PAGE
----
Amin accepted Rodney’s father because of his reputation and skills, but incrementally ratcheted up pressure to increase the money supply and leverage in an inflationary, ruinous manner to fund Amin’s vision of power, armaments, and control. Rodney’s father advised, cajoled, and ultimately refused to ruin the country’s economy. Shortly afterwards, he was disappeared. Rodney never saw his father or two of the wives again. His own mother and all twelve of the children fled in the middle of the night with the clothes on their backs, running for their lives. He was ten years old.
They shuttled from sanctuary to sanctuary in small Catholic parishes, traveling on foot always at night for several hundred miles until they finally crossed into Kenya and found relative safety in a crowded refugee camp. For the next year, they met with authorities and worked to find a permanent home. Several times his mother was offered the option to split up the children – four to the UK, four to Canada, and four to Australia. Each time she insisted that they stay together. Eventually her determination won out, and they emigrated intact to England. From there he rebuilt his life, pursued his education, and began his career, eventually meeting his wife in the United States, and together settling with their children in California.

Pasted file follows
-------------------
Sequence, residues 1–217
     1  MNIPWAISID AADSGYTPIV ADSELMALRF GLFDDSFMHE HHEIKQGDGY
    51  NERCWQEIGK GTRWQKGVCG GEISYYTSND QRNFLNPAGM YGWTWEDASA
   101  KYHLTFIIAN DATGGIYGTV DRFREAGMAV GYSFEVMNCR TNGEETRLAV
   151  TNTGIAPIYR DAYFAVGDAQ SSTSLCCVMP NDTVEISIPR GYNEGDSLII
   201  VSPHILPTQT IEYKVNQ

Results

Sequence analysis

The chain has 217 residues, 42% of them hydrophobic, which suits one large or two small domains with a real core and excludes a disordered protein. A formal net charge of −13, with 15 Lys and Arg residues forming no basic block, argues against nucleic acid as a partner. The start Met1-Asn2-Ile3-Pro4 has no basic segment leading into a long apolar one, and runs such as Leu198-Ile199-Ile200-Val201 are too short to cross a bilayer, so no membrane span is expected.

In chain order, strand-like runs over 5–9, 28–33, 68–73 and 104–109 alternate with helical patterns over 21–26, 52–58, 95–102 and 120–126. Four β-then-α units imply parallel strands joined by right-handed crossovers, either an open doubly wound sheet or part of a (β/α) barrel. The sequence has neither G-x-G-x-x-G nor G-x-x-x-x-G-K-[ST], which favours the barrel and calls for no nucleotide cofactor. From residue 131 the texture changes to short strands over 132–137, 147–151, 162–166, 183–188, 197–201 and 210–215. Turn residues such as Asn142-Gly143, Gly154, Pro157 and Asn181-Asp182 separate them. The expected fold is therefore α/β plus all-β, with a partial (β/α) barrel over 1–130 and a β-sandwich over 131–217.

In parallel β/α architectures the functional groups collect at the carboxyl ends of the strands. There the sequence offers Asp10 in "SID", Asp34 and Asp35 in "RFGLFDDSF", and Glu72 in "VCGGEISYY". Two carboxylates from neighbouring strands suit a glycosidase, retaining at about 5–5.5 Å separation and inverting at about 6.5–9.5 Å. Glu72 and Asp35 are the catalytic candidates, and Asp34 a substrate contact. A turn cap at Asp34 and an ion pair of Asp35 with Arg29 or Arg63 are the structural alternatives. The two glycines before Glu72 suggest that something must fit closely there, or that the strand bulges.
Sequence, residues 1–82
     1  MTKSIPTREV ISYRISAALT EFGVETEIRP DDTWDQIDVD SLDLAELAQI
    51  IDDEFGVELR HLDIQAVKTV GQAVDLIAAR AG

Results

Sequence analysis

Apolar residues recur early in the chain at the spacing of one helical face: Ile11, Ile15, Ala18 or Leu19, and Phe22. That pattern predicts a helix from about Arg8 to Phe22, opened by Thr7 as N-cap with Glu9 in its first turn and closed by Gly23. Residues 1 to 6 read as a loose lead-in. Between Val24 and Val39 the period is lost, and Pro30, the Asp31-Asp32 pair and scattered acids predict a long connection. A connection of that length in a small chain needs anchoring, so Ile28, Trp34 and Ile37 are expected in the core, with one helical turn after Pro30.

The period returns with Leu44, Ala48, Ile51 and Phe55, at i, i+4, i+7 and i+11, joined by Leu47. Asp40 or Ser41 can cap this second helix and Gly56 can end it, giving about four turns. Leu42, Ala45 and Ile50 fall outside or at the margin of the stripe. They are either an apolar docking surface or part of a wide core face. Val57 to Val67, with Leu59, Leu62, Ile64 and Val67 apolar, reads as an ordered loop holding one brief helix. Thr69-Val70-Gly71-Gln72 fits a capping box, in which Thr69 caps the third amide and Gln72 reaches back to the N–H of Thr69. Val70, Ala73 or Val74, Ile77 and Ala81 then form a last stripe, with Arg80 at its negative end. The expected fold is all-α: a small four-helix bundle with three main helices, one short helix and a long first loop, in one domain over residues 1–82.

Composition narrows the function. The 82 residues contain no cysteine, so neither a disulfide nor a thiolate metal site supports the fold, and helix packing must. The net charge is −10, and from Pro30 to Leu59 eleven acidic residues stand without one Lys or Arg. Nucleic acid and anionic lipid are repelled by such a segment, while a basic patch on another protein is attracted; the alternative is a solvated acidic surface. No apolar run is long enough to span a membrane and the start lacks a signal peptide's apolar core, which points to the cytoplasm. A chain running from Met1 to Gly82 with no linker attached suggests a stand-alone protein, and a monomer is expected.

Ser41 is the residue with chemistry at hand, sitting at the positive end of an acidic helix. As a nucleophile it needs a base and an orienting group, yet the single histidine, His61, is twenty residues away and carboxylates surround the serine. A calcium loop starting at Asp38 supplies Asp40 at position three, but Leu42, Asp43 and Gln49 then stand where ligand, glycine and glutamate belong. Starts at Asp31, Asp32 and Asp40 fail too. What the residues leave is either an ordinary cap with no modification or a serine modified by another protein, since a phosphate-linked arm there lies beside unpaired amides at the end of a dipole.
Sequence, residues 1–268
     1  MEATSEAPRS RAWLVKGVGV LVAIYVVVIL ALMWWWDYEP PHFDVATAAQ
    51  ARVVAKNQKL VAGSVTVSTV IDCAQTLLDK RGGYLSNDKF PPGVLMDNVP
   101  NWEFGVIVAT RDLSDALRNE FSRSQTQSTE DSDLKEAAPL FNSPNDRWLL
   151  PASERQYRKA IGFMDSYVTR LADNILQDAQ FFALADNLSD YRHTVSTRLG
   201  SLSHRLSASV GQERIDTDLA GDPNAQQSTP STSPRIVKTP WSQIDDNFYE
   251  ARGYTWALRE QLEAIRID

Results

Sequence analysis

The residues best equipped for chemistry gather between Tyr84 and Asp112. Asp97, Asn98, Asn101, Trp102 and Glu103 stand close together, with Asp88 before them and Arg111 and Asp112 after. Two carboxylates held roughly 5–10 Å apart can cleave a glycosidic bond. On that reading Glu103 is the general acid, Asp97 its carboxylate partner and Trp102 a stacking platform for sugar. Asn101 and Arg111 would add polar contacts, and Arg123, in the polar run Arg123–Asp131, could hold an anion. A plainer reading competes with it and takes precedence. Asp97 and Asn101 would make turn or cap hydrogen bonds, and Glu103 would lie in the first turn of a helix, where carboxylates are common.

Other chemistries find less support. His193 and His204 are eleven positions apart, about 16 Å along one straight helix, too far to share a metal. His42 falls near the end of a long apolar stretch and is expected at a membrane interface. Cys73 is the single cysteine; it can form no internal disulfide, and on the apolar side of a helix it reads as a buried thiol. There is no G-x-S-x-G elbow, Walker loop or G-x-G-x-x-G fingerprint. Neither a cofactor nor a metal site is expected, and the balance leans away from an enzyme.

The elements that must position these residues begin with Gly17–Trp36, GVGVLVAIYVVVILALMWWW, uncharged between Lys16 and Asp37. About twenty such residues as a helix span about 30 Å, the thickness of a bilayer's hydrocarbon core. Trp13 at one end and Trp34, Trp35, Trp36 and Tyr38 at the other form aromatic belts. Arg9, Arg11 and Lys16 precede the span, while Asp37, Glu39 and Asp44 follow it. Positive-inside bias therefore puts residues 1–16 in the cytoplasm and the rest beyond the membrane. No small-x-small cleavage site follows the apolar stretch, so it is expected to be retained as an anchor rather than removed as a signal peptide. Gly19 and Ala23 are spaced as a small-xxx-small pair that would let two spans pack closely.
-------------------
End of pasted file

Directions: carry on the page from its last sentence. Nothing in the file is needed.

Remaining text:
“Tell us what the world has been to you in the dark places and in the light. Don’t tell us what to believe, what to fear. Show us belief’s wide skirt and the stitch that unravels fear’s caul.” Toni Morrison, The Nobel Lecture In Literature, 1993
When next I am tempted to self-pity or whining about some petty inconvenience or slight, I will recall his story. Rodney’s inner joy, trust, and upbeat demeanor are not put on, nor is it a pollyannish denial of the cruelty and alienation inflicted so often on the defenseless. He has seen it in person. Not flimsy optimism, but hope, and hope as a virtue and a soul deep choice in how he faces forward each day.
We talked for another half hour or so. He remains a practicing Catholic, and his faith and trust is not just a Sunday habit; he has a devotion to the Eucharist that sustains and strengthens him. He and his wife volunteer at a local refugee center affiliated with his parish, ministering as best they can to the flood of immigrants, documented and otherwise, that live in Southern California. The distress and fear he encounters do not dishearten him; they ennoble him.